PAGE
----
Future Reflections Winter/Spring 1997, Vol. 16 No. 1
by Sheila Compton
[PICTURE] From left to right beginning with the upper left photo: Valerie Bratcher, LA; Carolyn Sasser, LA; Judy Williams, TN; Carol Castellano, NJ; Donna Hammond, GA; Frank Coppel, SC; Don and Susan Richardson, NC.
Editor's note: Sheila Compton is a member of the Board of Directors of the National Federation of the Blind of South Carolina and a member of the South Carolina Parents Division. This article is reprinted from the November/December, 1996, issue of The Palmetto Blind, the newsletter of the NFB of South Carolina.
The National Organization of Parents of Blind Children, a division of the National Federation of the Blind, held its Southeastern Regional Leadership Seminar at Rocky Bottom during the weekend of November 8-10, 1996. National representatives included Barbara Cheadle, President of the National Organization of Parents of Blind Children; Carol Castellano, Second Vice President of the National Organization of Parents of Blind Children; Ruby Ryles, educator of blind children; and Sandy Halverson, long-time leader in the Federation and a Missouri resident. Leaders from state affiliates in Georgia, North Carolina, Alabama, and our own Frank Coppel and Sheila Compton from South Carolina were also in attendance.
Approximately 30 individuals attended the seminar which included parents of blind children from Alabama, Florida, Georgia, Tennessee, Louisiana, and North Carolina.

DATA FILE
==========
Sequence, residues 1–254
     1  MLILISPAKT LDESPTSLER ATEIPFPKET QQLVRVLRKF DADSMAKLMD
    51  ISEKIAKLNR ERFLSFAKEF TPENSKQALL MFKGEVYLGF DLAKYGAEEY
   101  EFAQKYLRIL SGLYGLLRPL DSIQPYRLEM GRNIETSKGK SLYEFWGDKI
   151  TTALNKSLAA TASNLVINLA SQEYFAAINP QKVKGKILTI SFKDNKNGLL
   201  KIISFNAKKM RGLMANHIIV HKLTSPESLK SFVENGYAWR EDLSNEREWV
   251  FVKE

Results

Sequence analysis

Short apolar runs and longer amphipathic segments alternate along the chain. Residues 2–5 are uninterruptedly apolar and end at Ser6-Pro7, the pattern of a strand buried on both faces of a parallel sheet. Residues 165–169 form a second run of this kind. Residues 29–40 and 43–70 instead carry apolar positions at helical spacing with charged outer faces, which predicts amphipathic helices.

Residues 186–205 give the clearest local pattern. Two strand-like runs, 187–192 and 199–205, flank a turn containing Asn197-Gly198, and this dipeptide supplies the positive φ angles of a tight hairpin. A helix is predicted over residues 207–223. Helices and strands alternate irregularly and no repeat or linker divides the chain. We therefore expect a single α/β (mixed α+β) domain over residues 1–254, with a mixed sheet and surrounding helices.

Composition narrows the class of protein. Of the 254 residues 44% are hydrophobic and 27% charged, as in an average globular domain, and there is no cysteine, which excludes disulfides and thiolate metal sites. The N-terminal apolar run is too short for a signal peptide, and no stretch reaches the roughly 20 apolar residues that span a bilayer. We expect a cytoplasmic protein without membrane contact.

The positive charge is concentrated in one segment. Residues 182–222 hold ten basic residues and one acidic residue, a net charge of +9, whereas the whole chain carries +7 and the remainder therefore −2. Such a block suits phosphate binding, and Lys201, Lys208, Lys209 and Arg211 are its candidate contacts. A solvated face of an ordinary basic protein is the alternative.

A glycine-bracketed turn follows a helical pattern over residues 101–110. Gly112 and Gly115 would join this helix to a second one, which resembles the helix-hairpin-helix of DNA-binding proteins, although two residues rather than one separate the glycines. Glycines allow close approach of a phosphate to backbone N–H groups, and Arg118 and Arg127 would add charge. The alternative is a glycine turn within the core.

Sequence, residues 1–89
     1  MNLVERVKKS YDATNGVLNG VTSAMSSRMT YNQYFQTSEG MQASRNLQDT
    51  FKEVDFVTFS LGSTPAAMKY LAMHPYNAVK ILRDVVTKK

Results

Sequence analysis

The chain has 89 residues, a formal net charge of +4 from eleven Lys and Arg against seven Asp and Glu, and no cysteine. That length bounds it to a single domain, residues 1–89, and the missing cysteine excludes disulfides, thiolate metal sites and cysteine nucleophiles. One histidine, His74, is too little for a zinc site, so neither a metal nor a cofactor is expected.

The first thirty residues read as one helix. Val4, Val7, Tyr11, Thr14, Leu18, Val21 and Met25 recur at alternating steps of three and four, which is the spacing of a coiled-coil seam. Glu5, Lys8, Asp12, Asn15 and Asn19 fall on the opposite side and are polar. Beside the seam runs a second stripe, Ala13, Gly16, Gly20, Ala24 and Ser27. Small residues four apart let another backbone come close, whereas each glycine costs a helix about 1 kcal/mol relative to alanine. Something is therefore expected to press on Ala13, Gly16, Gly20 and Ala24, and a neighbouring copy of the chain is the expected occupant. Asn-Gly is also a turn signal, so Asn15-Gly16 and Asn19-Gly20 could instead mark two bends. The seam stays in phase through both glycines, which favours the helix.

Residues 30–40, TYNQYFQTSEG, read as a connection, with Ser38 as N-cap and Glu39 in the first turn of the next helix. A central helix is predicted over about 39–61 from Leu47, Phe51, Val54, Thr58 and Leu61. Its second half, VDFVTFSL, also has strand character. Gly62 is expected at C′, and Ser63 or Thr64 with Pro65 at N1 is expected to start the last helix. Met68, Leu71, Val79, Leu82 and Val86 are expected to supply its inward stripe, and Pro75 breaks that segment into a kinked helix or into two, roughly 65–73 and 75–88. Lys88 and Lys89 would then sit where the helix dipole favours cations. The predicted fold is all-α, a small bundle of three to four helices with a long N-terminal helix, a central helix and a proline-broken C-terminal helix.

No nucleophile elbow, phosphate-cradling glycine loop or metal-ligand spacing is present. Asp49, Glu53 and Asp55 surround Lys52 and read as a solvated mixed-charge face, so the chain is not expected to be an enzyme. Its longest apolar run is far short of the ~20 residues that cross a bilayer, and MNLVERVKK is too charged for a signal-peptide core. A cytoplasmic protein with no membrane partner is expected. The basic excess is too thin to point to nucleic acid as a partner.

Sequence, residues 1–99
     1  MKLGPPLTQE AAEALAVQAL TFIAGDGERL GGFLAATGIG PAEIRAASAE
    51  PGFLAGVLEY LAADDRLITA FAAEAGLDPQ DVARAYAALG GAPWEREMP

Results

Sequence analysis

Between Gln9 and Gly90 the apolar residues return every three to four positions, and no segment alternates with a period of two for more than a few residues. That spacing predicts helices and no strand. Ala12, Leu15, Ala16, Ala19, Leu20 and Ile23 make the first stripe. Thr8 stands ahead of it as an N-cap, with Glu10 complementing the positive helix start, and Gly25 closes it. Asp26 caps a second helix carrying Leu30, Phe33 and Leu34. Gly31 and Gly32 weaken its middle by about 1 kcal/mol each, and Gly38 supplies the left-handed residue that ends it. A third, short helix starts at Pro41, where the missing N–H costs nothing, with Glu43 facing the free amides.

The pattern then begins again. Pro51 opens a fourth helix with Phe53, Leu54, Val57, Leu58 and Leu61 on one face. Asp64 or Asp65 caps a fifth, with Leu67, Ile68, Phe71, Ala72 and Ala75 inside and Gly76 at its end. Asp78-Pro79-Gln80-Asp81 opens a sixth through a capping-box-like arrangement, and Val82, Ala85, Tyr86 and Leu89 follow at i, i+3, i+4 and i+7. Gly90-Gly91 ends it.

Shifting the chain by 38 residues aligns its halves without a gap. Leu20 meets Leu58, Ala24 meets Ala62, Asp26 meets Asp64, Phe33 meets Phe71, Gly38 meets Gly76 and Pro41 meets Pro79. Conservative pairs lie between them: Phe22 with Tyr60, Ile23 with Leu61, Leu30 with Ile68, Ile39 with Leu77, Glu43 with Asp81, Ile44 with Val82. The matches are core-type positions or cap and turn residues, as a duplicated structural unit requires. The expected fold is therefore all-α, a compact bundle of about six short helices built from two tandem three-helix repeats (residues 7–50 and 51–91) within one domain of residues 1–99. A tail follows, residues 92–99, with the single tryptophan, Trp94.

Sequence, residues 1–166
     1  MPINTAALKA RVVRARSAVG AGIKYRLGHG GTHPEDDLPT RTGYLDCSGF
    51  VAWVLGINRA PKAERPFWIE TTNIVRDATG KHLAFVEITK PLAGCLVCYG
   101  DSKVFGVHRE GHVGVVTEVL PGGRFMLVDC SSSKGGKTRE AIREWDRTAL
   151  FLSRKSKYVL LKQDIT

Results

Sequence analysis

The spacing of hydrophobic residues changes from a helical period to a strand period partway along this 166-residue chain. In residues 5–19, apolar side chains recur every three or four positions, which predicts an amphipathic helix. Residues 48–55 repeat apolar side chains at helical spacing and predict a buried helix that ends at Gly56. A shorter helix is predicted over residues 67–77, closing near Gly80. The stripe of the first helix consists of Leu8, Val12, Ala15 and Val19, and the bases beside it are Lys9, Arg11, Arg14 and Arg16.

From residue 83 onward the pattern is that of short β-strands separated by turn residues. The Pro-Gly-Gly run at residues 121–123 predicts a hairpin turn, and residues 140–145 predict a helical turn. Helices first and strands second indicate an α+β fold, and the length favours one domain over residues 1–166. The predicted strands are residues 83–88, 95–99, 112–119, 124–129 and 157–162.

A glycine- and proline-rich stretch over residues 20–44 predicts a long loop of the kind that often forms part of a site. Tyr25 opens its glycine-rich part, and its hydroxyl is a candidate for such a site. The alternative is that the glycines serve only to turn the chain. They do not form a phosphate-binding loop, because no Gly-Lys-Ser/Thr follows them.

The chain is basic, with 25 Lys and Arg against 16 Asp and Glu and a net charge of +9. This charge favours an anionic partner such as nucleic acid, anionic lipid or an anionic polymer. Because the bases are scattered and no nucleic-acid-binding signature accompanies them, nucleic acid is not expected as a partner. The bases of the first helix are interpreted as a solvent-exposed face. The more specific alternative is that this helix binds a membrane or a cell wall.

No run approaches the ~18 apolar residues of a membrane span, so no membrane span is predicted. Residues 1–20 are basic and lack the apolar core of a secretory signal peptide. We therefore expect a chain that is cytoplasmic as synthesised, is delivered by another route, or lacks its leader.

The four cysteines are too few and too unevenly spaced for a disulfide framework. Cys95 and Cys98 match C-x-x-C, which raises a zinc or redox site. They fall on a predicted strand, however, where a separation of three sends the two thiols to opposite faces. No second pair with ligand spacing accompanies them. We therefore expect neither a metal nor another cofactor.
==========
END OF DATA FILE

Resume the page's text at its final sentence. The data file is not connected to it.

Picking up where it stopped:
The seminar was designed to provide information to parents regarding blindness, development and education of blind children, the importance of alternative techniques, parent advocacy skills, and the role of the NFB and NFB Parents Divisions in the lives of their children. Parents were given the opportunity to interact with blind adults and to share information about the education and development of their children.
Discussions and group activities included a panel of blind adults discussing their childhood, education, and careers; an Individualized Education Program workshop, demonstrations of independent living skills, Braille, and cane travel; and a "History Through Song" of the National Federation of the Blind.
Time was also spent discussing ideas and strategies to strengthen existing NFB parent divisions and developing new state divisions of organizations of parents of blind children.
All participants expressed their appreciation and felt the seminar was a tremendous success. Everyone was impressed with the hospitality and facilities at Rocky Bottom. They expressed a strong desire to make this seminar an annual event.
Editor's Note: That's the article Sheila Compton wrote about the seminar. The following letter is a more personal reflection from a participant in the regional conference:
REFLECTIONS ON THE SOUTHEASTERN LEADERSHIP SEMINAR
by Pat Jones, President
Tennessee Valley Parents of Blind Children
March 5, 1997
Barbara, I'll try to give you our insights on the South Carolina Parent Leadership Seminar.